Date of Award

Winter 1-2016

Embargo Period


Degree Type


Degree Name

Doctor of Philosophy (PhD)


Mechanical Engineering


Jon Malen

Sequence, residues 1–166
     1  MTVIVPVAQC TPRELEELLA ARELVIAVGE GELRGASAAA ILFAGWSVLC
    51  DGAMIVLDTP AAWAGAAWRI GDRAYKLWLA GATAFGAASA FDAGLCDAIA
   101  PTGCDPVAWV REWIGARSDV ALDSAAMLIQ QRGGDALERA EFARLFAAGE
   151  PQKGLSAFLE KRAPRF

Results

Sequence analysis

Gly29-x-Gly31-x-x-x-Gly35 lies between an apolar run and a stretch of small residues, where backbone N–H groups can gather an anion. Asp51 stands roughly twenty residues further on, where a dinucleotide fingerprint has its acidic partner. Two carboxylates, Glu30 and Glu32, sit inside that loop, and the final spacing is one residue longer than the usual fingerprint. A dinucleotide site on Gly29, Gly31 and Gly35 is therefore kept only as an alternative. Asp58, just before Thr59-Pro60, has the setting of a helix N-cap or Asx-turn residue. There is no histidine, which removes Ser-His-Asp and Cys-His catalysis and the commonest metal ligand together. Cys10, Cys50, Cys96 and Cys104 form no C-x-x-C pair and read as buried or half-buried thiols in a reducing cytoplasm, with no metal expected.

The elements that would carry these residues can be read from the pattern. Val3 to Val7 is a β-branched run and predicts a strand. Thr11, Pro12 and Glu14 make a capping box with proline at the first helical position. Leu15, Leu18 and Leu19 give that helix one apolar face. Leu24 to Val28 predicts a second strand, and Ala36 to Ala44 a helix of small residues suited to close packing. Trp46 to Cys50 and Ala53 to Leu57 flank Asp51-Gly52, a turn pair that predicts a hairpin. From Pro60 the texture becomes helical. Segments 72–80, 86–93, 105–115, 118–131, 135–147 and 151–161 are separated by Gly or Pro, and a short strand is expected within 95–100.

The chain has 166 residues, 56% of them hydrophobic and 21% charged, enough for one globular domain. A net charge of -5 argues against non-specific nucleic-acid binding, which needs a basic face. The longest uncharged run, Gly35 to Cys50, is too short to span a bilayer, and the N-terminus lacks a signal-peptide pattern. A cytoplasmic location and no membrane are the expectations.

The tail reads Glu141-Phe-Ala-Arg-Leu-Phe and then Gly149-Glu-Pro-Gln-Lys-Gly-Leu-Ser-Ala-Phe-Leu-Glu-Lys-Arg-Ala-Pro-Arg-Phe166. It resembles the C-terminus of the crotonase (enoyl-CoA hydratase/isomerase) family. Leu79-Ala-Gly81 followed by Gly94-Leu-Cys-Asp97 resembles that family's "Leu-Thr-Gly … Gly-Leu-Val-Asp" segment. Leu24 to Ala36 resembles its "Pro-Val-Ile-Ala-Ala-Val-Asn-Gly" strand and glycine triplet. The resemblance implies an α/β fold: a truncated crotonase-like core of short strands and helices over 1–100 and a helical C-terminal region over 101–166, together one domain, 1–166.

Nondiffusive thermal transport occurs when length or time scales of a system are on the order of the mean free paths (MFPs) or lifetimes of the energy carriers. As a result, a local equilibrium temperature cannot be defined and the thermal transport properties of the system can no longer be taken as the bulk values. When system boundaries are decreased below energy carrier MFPs, nondiffusive transport can be described with a reduced, effective thermal conductivity. Heat dissipation in light emitting diodes and transistors is adversely impacted by reductions in thermal conductivity, while thermoelectric energy conversion devices benefit. In my PhD, I studied the physics governing nondiffusive thermal transport. In this dissertation I describe my contributions in nondiffusive thermal transport to the scientific community. First, I describe the development of broadband frequency domain thermoreflectance (BBFDTR), an experimental technique used to observe nondiffusive thermal transport in materials by creating length scales comparable to energy carrier MFPs. I use BB-FDTR to induce nondiffusive thermal transport in Si-based materials at device operating temperatures. I relate my measurements to the thermal conductivity accumulation function, a fundamental physical quantity that describes cumulative contributions to thermal conductivity from energy carriers with different MFPs. Using a first order interpretation of my data I show that 40±5% of the thermal conductivity of crystalline silicon at a temperature of 311 K comes from phonons with MFP > 1 μm. Additional BB-FDTR measurements on a 500 nm thick amorphous silicon film indicate propagating phonon-like modes that contribute more than 35±7% to thermal conductivity at a temperature of 306 K, despite atomic disorder. I also describe the development of multiple models that are used to refine the interpretation of BB-FDTR measurements and better understand nondiffusive thermal transport measurements. First, I the Boltzmann transport equation (BTE) analytically to explain how and why measurements of thermal conductivity change as a function of experimental length scales in BB-FDTR. My solution incorporates two experimentally defined length scales: thermal penetration depth and heating laser spot radius. Comparison of the BTE result with that from conventional heat diffusion theory enables a mapping of MFP-specific contributions to the measured thermal conductivity based on the experimental length scales. The result is used to re-interpret nondiffusive thermal conductivity measurements of silicon with first principles-based calculations of its thermal conductivity accumulation function. Next, I develop a solution to the two-temperature diffusion equation in axisymmetric cylindrical coordinates to model heat transport in thermoreflectance experiments. The solution builds upon prior solutions that account for two-channel diffusion in each layer of an N-layered geometry, but adds the ability to deposit heat at any location within each layer. I use this solution to account for non-surface heating in the transducer layer of thermoreflectance experiments that challenge the timescales of electronphonon coupling. I use the model to refit BB-FDTR measurements of silicon and conclude that spectrally dependent phonon transmission at the transducer/silicon interface affects the shape of the measured accumulation function. Finally, I extend my solution to the BTE to a practical application: resistive-switching memory (RRAM). I model thermal transport in RRAM in the set state where the conductive filament (CF) is approximated by an infinitely long cylinder embedded in crystalline rutile TiO2, a prototypical RRAM material. I determine the phonon MFP spectrum in TiO2 and find that MFPs are similar to the CF radius, indicating thermal transport is nondiffusive. I develop an analytical solution to the BTE to model the nondiffusive thermal transport in the TiO2 and find that the surface temperature rise of the CF predicted by the BTE is larger than that predicted by the heat diffusion equation (e.g., 5× larger for a 1 nm CF radius in a device at a temperature of 300 K). To model thermal transport in RRAM with the heat diffusion equation, I propose a suppressed, effective TiO2 thermal conductivity to more accurately predict the CF temperature.